The worlds of poetry, literature and theater were rocked at the news of the passing of the luminous and gifted poet and playwright Ntozake Shange, who passed away October 27 at the age of 70.

Shange wrote the classic choreopoem For Colored Girls Who Have Considered Suicide/When The Rainbow Is Enuf, which was nominated for a Tony Award in 1975. Adapted into two films (the first starring Alfre Woodward and Lynn Whitfield; the second starring Janet Jackson and Tessa Thompson, produced by Nzingha Stewart) and performed 750 times on Broadway, the work is a clarion call for hearing and believing survivors of sexual and domestic violence as experienced by Black women. Reaction was marked by heartbreak and reverence across social media, with playwright Lynn Nottage calling her “our warrior poet/dramatist”, and author Joan Morgan posted that Shange “guided Black women through generations, gifting them permission to discover their own fire and fierce.”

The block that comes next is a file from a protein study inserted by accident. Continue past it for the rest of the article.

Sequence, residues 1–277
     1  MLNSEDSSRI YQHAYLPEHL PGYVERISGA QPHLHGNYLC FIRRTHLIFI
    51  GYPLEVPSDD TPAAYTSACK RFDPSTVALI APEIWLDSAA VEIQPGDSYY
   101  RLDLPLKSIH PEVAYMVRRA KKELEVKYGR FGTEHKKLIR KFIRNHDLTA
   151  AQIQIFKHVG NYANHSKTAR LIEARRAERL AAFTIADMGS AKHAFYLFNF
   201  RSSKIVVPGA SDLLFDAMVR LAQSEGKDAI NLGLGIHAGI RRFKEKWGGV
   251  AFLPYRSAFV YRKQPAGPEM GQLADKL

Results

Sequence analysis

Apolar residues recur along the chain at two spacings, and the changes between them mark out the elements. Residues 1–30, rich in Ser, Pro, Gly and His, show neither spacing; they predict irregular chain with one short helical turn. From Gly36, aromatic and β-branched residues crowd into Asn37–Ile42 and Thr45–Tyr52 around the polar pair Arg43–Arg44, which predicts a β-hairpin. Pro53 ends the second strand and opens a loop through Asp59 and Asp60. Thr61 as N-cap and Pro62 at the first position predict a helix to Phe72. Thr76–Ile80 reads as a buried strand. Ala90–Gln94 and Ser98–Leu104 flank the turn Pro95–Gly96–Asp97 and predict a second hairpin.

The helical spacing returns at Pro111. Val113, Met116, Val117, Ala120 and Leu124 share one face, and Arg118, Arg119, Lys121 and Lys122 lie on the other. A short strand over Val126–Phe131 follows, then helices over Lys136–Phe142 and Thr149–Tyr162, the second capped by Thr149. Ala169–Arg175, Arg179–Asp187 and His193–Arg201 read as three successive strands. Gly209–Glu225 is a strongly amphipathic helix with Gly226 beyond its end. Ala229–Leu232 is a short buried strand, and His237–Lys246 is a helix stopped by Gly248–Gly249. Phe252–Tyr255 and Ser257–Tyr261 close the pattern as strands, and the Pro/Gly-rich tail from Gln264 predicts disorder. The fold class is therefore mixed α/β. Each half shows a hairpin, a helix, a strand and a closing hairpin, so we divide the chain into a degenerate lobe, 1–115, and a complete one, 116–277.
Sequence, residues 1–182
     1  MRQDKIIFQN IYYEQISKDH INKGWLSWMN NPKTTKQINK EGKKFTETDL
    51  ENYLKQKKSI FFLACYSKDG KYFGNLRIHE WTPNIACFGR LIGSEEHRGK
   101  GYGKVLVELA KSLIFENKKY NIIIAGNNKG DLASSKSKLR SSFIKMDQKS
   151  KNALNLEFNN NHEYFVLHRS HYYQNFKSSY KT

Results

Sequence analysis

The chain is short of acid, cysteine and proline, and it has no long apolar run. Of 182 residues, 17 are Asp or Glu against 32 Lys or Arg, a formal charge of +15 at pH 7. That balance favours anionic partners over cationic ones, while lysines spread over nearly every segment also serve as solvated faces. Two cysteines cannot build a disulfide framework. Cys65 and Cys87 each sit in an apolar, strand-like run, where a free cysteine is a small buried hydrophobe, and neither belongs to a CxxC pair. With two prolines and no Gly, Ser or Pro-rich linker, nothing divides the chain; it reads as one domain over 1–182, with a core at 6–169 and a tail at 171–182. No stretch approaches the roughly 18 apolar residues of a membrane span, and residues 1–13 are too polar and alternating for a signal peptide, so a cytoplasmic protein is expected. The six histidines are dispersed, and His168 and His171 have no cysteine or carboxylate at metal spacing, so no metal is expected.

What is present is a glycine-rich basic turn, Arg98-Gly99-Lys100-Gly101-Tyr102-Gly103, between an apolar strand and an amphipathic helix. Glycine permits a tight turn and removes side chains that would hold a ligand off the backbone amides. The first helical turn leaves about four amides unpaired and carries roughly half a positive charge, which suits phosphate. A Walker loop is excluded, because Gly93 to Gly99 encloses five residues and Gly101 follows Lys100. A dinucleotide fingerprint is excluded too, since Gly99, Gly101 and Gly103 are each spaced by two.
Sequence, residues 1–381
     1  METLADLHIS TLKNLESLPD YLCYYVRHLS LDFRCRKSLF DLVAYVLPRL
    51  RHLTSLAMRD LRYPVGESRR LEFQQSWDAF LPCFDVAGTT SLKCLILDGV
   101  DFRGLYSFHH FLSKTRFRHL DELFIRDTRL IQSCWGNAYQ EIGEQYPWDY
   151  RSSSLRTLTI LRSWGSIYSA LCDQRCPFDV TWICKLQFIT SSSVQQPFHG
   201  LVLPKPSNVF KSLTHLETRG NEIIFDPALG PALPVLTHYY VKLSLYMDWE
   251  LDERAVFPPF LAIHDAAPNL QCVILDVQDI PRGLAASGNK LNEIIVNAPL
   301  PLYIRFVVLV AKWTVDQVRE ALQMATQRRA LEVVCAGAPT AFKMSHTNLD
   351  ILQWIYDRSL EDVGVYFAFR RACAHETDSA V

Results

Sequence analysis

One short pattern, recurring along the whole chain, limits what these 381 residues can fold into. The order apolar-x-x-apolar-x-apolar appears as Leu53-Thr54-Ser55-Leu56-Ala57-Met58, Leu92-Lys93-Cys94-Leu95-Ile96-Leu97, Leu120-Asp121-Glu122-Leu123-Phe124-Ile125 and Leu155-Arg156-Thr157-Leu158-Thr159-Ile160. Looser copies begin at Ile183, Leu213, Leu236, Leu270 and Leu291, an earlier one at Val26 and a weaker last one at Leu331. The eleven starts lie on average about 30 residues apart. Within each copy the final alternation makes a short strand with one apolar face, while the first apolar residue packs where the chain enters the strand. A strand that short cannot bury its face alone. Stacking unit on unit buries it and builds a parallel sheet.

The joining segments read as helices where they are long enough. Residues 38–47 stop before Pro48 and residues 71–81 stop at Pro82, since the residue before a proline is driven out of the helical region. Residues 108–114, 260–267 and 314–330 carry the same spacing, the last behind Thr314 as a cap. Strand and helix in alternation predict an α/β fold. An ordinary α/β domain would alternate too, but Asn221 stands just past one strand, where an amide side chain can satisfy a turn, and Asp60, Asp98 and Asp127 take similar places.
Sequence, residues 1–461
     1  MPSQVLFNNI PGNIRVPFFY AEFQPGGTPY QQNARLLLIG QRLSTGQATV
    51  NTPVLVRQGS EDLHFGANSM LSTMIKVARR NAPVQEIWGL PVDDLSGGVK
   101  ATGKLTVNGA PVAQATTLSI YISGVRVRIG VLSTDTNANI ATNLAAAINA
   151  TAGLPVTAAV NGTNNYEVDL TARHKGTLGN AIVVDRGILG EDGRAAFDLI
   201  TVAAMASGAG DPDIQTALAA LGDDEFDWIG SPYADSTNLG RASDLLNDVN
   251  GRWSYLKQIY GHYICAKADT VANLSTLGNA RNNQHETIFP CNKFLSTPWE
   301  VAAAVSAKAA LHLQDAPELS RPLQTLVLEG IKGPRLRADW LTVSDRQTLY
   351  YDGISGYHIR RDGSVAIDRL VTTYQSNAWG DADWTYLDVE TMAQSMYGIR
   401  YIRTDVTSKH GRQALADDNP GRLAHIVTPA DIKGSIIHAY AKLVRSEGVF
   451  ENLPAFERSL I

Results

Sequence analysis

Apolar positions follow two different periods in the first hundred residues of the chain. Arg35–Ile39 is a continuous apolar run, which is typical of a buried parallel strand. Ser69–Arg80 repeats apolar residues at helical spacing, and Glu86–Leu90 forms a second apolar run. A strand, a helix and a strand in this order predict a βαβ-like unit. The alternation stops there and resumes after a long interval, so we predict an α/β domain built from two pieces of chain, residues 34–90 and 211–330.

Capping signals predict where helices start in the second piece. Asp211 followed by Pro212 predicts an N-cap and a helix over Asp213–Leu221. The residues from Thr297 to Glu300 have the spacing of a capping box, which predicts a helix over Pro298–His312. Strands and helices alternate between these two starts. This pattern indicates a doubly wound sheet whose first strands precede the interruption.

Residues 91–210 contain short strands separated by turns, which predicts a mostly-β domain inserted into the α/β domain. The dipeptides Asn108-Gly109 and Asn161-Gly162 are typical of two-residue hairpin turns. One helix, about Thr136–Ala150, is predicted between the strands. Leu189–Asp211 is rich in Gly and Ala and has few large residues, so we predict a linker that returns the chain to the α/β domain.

A graduate of Barnard College and USC, the names Ntozake Shange means “She who comes with her own things/She who walks like a lion” respectively. She also means the world to the Back women whose crowns she helped them to own, shine and honor. May she rest well.

Ntozake Shange amplified the voices of Black women in her work.